Took hostages: Man Haron Monis. Photo: Nick RalstonCOMMENT
Despite the apocalyptic timbre of the siege in Sydney and the perpetrator’s apparent links to Islamic terrorism, it was the crude work of one man acting alone.We can’t stop this. Sorry, but we can’t. As we ruminate on a thousand hows and what ifs –such as how the hell did someone like Man Haron Monis find himself out on bail –there’s a brutal truth we can’t escape: we’re trying to impose order on chaos; to convince ourselves that everything can some day be under our control, when it just can’t. Tony Abbott deserves lasting admiration for having the courage to admit as much.
From all appearances, this was as crude and as solitary as it gets. There’s no high-tech wizardry on show. There’s no elaborate, maniacal plan worthy of a Hollywood supervillain. There’s not even a mastermind pulling strings to make this more coherent. There is only a man, a gun and a flag. The man and the gun we’ve seen before. Indeed, we’ve seen it horrifically often: in Belgium just hours after Martin Place; at Port Arthur. But the flag –that changes things. It lends this the apocalyptic timbre that drives us so mad. It’s the thing in this episode that does the least damage – and the most.
It’s also the thing that makes this global. There’s every reason to suspect we’re dealing with someone deranged here but many deranged gunmen have gone before him. Only rarely do they associate themselves with the symbolic power of a global militant movement. At no point in the history of our species have such human satellites, living beyond the margins of even the most marginal groups, had the power to do so: the power to become so much more than they are simply by attaching themselves to a symbol from another continent. And right now, there is no symbol more potent and available than that of Islamic terrorism.
So, Michael Zehaf-Bibeau and Martin Rouleau Couture in Canada. Zale Thompson in New York. Now Monis at Martin Place. We’re seeing this more now: troubled (often criminal) histories, possible mental illness, religious conversion, violence. Monis apparently converted to Sunni Islam only recently, perhaps because you can’t really claim to love IS when you’re a Shiite and they’re trying to exterminate you. Islam has such permeable borders, such an absence of hierarchy, that anyone can become anything in their own mind. Its symbols are available to anyone who wants to claim them and there is nothing anyone can do to stop them. Australian Muslims had been disowning Monis for at least seven years. They’d even expressed their concerns to the authorities. But how can you stop the “fake sheikh” being real to himself?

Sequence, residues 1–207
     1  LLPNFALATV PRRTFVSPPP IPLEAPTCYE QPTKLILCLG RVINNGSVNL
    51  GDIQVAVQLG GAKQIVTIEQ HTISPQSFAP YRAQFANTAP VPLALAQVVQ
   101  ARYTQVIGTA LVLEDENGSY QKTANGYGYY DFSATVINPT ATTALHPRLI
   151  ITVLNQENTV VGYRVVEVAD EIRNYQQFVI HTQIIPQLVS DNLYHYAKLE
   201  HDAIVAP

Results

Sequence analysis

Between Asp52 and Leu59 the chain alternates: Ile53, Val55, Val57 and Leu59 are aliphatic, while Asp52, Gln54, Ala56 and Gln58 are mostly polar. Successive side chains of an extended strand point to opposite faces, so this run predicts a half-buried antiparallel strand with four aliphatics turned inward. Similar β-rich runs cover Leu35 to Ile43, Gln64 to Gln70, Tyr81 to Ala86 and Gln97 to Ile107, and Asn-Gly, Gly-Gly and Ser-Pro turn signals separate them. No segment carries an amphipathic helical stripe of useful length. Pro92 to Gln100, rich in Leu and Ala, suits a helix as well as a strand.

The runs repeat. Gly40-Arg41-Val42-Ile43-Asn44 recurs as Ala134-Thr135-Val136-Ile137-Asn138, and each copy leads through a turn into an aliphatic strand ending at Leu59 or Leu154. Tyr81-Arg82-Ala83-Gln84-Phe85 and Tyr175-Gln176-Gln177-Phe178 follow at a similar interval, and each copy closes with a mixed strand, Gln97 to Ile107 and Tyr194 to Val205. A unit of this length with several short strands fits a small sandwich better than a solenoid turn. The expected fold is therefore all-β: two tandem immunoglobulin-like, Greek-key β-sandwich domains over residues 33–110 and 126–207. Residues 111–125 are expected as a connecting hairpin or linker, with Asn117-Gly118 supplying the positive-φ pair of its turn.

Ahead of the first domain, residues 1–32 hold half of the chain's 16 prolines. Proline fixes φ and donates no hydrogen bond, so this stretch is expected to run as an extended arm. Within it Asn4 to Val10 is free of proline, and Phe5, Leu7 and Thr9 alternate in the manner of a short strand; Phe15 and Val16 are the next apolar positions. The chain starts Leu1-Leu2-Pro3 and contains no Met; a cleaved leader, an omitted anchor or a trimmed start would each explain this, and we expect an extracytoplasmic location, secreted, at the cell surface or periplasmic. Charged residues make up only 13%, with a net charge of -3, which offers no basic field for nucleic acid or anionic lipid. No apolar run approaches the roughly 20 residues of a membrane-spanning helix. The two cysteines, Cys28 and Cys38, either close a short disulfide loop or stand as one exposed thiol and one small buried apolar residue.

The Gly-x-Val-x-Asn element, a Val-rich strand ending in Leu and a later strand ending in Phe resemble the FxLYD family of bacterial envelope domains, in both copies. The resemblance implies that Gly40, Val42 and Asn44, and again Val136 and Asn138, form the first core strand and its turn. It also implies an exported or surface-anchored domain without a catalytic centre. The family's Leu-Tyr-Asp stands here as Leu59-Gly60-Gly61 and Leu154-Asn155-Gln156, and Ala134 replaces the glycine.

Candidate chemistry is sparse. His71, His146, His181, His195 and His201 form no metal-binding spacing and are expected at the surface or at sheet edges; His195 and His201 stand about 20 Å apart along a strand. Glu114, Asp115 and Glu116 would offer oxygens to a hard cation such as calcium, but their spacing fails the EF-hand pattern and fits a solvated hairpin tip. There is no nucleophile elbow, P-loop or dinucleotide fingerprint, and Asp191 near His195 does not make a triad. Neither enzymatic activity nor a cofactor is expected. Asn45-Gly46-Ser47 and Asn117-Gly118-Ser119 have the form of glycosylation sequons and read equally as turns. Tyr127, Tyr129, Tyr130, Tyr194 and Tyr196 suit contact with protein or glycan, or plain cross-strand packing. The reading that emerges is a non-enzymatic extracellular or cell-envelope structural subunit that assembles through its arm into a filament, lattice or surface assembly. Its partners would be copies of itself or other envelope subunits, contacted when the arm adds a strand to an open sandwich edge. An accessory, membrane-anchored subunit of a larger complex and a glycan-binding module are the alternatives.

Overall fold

There’s no control order regime to account for this. There’s no metadata inside an apparently deranged mind. We’re busy fretting about the terrorists’ tools of the future – which is all fair enough – while they wreak havoc with the tools of the past. Think about what we’ve seen lately, from Australia to North America: a knife, an axe, a couple of guns, even a car. Perhaps the most profound aspect of our age is that the power to inflict carnage is now shared with the small to the invisible to the otherwise insignificant. Man Haron Monis was so insignificant, hardly anyone knew him; so insignificant the system overlooked him. And now he’s history.
But there’s another history to be written here. One that is very much in control. It’s a history written not just in the statements of leaders, but in the minutiae of our everyday interactions. It’s the history we glimpsed as the siege unfolded when a single, humble Australian decided to declare #illridewithyou in solidarity with Muslims too scared to ride public transport. It’s a history that commenced with the interfaith vigil held at the Lakemba and Auburn mosques. And it’s a history to be determined by what we decide this tragedy symbolises: the sordid ideology of a man who deserves to be forgotten or the greatest virtues of those of us left behind.
Waleed Aly is a Fairfax columnist and hostsDriveon Radio National.
This story Administrator ready to work first appeared on Nanjing Night Net.